The case law does not support Ms. Haagensen‟s position. See, e.g., Gadda v. Ashcroft, 377 F.3d 934, 944 (9th Cir. 2004) (rejecting as without merit an attorney‟s arguments that "federal law preempts a state‟s authority to discipline or regulate the conduct of attorneys who, like him, practice exclusively in the immigration or federal courts and, accordingly, the Supreme Court of California lacked jurisdiction to disbar him"); Gillette v. Edison, 593 F. Supp. 2d 1063, 1068 (D.N.D. 2009) ("The Court expressly finds that the North Dakota Supreme Court has jurisdiction to discipline Gillette for professional misconduct regardless of where the misconduct occurred."); Woloohojian Realty Corp. v. Bogosian, No. CA 93-348 L, 2008 WL 4646109, at *1 (D.R.I. Oct. 17, 2008) (rejecting attorney‟s argument that Massachusetts could not discipline him for conduct occurring in a federal case heard in Rhode Island) (collecting cases); In re Dennis, 188 P.3d 1, 13-14 (Kan. 2008) (holding that Kansas Supreme Court possessed jurisdiction to discipline attorney for conduct in federal court) (per curiam); In re Scanio, 919 A.2d 1137, 1145 (D.C. 2007) ("[A]ttorneys have a duty, at all times and in all conduct, both professional and personal, to conform to the standards imposed upon members of the Bar as conditions for the privilege to practice law.") (internal quotation marks omitted); In re Soininen, 783 A.2d 619, 622 (D.C. 2001) (disciplining member of D.C. bar for acts committed in Virginia); Mississippi Bar v. Strauss, 601 So.2d 840, 845 (Miss. 1992) (imposing suspension from practice of law in Mississippi for violation of a local rule of the federal court).

Ms. Haagensen‟s attempts to raise similar jurisdictional arguments before the Pennsylvania Supreme Court, the United States District Court for the Western District for Pennsylvania, and this Court have all been unsuccessful. See Haagensen, 390 Fed. Appx. at 96-97, aff‟g Haagensen v. Supreme Court of Pennsylvania, 651 F. Supp. 2d 422, 429 (W.D. Pa. 2009) (collecting cases rejecting arguments similar to Ms. Haagensen‟s); In re: Haagensen, No. 09-mc-310, 2010 WL 887366, at *3 (W.D. Pa. March 8, 2010) ("Further, even assuming [Ms. Haagensen] properly asserted [the jurisdictional argument that she attempts to re-litigate] here, we find that this argument does not fall within any of the four exceptions to L.R. Civ. P. 83.3.D.4."). Thus, assuming arguendo that Ms. Haagensen has properly raised these jurisdictional arguments again before the Committee, we recommend that this Court likewise reject Ms. Haagensen‟s jurisdictional arguments.

Ms. Haagensen‟s remaining arguments regarding the putative violation of her due process rights and R.A.D.E. 10.5 are also unpersuasive. It is clear that even in a reciprocal disciplinary proceeding arising from the imposition of discipline in another court, a federal court has the power to determine who may be admitted to its bar. See In re Surrick, 338 F.3d 224, 230-31 (3d Cir. 2003). A state court disbarrment proceeding will not be considered valid if it was entered without due process of law, was not predicated on sufficient evidence, or for some other reason should not be recognized. In re Rodriguez, 304 Fed. Appx. 947, 954 (3d Cir. 2008) (citing Selling v. Radford, 243 U.S. 46, 51 (1917)). R.A.D.E. 10.5 provides that:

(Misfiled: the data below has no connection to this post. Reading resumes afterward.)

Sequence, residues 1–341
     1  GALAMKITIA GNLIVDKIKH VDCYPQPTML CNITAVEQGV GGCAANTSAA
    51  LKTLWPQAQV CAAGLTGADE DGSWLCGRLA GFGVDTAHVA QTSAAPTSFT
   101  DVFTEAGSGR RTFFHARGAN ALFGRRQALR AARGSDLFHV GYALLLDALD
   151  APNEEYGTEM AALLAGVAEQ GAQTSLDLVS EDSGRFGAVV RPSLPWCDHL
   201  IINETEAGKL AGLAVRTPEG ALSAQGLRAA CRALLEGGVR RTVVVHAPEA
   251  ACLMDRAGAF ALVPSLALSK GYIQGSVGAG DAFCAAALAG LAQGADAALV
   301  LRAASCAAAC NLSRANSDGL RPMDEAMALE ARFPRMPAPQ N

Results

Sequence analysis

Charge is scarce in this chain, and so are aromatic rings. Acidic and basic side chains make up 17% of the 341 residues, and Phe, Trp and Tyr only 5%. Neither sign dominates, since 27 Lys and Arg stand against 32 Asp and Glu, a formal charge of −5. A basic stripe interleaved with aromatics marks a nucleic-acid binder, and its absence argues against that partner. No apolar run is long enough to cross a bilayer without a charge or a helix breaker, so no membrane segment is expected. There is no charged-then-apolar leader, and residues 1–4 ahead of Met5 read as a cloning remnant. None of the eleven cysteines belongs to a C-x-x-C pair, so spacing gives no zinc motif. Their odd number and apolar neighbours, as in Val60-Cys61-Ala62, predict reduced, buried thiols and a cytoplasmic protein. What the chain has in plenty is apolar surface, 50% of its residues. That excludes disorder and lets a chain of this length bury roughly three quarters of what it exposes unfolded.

A certified copy of a judgment or order demonstrating that a member of the bar of this Court has been disbarred or suspended by another court is accepted as establishing that the conduct for which the discipline was imposed in fact occurred and that the discipline imposed was appropriate unless it appears:

(a) that the procedure was so lacking in notice or opportunity to be heard as to constitute a deprivation of due process; or

(b) that there was such an infirmity of proof establishing the misconduct as to give rise to the clear conviction that this Court could not, consistent with its duty, accept as final the conclusion on that subject; or

(c) that the imposition of the same discipline by this Court would result in grave injustice; or

(d) that the misconduct established is deemed by this Court to warrant substantially different discipline.*fn12

It is manifest that the Pennsylvania proceedings did not violate Ms. Haagensen‟s due process rights or any of the subsections of R.A.D.E. 10.5. Ms. Haagensen submitted to the Committee a copy of the petition for discipline filed by the Pennsylvania Office of Disciplinary Counsel on November 15, 2006 which clearly outlines the disciplinary charges against her. Ms. Haagensen provided no evidence that was there any infirmity of proof during these proceedings. The Pennsylvania Disciplinary Board held hearings on May 30, 2007 and December 18, 2007. Thereafter, the Board filed a report concluding that Ms. Haagensen had violated the Pennsylvania Rules of Professional Conduct and recommending that she be subject to a private reprimand. Ms. Haagensen filed exceptions and appeared for oral argument before a three-member panel of the Board on May 19, 2008. The panel accepted the recommendations of the Hearing Committee and ordered that Ms. Haagensen be subjected to a private reprimand. The Supreme Court of Pennsylvania denied her subsequent petition for review. When Ms. Haagensen failed to appear for a scheduled private reprimand, the Board recommended that she be subject to a public censure. The Supreme Court rejected this recommendation and instead issued an order and a rule to show cause why Ms. Haagensen should not be suspended. After Ms. Haagensen failed to respond, the Pennsylvania Supreme Court entered the order. Thus, she was given notice of the charges against her and the opportunity to respond to those charges, both in writing and in person. The Pennsylvania procedures were not "so lacking in notice or opportunity to be heard as to constitute a deprivation of due process" or that "there was such an infirmity of proof establishing the misconduct." R.A.D.E. 10.5(a)-(b).